Economics 102: The author forgot to mention the market system the oil industry uses. I believe in free markets, as the Von Mises group does. So why hide the fact that raw oil prices are set by a cartel, and the speculators at the oil burse. If the oil industry follows the free market, there would be competition, and it would chech gas prices too.

This is, of course, in addition to the factors mentioned in the article, but is an important factor that somebody writing for the Mises Institute should not sweep under the rug!

Sandor Balogh, Ph. D., Prof emeritus
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post #127 of 185 (permalink) Old 04-23-2008, 06:54 AM
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"...popularly elected..." What the hell are you on today?
Buy a newspaper you fucking idiot.

Recall that earlier generations faced down fascism and communism not just with missiles and tanks, but with sturdy alliances and enduring convictions. They understood that our power alone cannot protect us, nor does it entitle us to do as we please. Instead, they knew that our power grows through its prudent use; our security emanates from the justness of our cause, the force of our example, the tempering qualities of humility and restraint.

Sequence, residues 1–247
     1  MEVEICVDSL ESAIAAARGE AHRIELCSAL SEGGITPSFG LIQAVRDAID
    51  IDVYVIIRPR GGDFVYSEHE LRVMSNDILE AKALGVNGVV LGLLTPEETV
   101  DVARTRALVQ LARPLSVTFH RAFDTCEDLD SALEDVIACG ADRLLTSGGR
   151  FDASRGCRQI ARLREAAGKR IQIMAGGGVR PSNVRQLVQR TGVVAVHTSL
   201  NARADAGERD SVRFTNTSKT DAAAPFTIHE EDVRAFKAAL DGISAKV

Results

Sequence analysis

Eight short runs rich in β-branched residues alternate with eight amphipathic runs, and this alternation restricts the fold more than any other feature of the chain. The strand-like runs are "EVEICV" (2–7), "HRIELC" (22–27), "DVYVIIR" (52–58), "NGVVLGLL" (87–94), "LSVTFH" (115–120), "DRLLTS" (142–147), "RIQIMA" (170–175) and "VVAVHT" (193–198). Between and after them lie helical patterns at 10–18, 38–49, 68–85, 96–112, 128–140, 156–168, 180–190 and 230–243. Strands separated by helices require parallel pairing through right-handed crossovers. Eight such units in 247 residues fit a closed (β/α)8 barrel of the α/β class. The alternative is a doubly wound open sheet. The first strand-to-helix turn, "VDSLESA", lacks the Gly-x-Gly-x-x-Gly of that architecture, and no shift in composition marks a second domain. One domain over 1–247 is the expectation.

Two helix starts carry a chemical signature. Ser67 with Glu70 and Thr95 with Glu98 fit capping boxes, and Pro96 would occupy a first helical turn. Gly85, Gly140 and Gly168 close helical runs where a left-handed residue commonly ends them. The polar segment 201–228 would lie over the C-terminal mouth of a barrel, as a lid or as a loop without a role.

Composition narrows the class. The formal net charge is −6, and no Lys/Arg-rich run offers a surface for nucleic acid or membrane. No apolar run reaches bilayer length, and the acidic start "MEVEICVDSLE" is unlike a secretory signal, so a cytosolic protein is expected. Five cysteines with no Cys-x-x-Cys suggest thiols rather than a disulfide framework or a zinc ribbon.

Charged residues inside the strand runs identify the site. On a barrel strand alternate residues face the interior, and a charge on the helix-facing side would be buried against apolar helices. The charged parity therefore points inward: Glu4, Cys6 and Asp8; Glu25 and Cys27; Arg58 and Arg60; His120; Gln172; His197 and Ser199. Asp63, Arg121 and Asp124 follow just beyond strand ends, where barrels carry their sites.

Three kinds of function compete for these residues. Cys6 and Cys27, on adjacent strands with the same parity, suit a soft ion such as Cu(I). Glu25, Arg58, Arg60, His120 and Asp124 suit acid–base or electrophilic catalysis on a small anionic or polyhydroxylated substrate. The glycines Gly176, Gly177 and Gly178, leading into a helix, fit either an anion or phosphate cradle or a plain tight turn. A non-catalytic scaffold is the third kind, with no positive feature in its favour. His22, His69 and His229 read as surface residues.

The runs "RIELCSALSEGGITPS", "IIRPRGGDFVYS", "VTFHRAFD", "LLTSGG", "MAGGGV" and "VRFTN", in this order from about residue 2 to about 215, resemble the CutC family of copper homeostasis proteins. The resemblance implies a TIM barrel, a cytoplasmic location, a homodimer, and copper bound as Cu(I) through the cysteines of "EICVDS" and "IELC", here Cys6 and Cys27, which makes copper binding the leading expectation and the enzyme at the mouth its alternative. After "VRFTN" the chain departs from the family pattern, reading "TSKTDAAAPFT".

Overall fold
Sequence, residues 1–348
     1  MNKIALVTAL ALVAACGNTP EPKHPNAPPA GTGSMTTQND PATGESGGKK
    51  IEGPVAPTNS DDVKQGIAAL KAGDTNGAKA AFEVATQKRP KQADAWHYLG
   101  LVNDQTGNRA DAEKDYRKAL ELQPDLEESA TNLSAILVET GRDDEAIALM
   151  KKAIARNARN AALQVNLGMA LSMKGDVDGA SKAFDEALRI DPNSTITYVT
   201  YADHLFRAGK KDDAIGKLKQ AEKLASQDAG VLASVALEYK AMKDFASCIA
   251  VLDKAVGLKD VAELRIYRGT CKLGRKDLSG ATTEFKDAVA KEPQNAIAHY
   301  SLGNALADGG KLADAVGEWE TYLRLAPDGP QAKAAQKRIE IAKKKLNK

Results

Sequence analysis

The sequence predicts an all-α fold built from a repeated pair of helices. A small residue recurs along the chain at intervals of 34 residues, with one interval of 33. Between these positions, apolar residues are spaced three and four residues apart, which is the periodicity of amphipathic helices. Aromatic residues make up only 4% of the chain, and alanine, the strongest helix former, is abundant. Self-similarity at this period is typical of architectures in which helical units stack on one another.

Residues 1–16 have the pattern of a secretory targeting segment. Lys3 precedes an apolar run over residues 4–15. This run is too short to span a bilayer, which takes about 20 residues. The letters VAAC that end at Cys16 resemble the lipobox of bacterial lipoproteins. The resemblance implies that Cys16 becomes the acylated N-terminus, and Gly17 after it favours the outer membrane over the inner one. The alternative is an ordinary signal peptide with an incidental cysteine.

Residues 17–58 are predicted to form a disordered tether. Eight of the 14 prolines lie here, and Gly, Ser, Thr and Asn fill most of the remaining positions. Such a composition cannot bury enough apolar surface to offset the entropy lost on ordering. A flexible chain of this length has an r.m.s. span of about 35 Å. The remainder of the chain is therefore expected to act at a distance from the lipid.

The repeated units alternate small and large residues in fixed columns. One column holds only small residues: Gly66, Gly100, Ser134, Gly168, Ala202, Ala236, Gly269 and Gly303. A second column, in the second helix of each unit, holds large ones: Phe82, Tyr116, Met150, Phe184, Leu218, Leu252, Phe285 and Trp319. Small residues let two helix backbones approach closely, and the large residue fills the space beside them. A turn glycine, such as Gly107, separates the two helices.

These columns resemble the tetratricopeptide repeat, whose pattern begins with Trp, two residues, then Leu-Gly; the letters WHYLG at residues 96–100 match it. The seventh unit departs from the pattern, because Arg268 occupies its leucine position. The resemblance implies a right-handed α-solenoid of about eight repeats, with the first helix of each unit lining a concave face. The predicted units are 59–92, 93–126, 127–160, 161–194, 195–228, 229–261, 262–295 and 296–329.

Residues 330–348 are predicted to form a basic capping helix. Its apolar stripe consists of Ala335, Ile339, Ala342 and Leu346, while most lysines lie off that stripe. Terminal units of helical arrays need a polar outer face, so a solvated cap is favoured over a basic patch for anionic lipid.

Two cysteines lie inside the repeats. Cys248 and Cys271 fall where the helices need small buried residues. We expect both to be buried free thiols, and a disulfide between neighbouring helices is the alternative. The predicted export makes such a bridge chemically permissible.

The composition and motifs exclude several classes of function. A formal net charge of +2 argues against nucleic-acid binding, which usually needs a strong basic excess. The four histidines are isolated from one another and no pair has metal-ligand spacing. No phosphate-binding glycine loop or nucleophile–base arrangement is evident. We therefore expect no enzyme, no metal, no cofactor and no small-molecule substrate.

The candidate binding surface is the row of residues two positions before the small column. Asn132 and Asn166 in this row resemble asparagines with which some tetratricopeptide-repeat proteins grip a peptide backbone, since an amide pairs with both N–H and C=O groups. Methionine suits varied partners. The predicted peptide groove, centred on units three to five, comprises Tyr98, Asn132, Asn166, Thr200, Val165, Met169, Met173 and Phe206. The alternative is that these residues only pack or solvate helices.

-President Barack Obama, 1st Inaugural address
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post #128 of 185 (permalink) Old 04-23-2008, 07:01 AM
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Never mind...our fellow members of the blogowebs have taken care of it.

Economics 101: The Price of Gas - Mises Economics Blog
Published: April 22, 2008 12:57 PM
Sandor Balogh
Re Price of Gas, two comments to Economics 101:

History 101 : The gas in the 1950's was around 17 cents, not 30. I remember, as opposed to the author, a grad student who wasn't even alive at that time. As a Hungarian freedomfighter I came to the US in 1957, and remember the real price. So, following the author's logic, the gas should be under $2.00.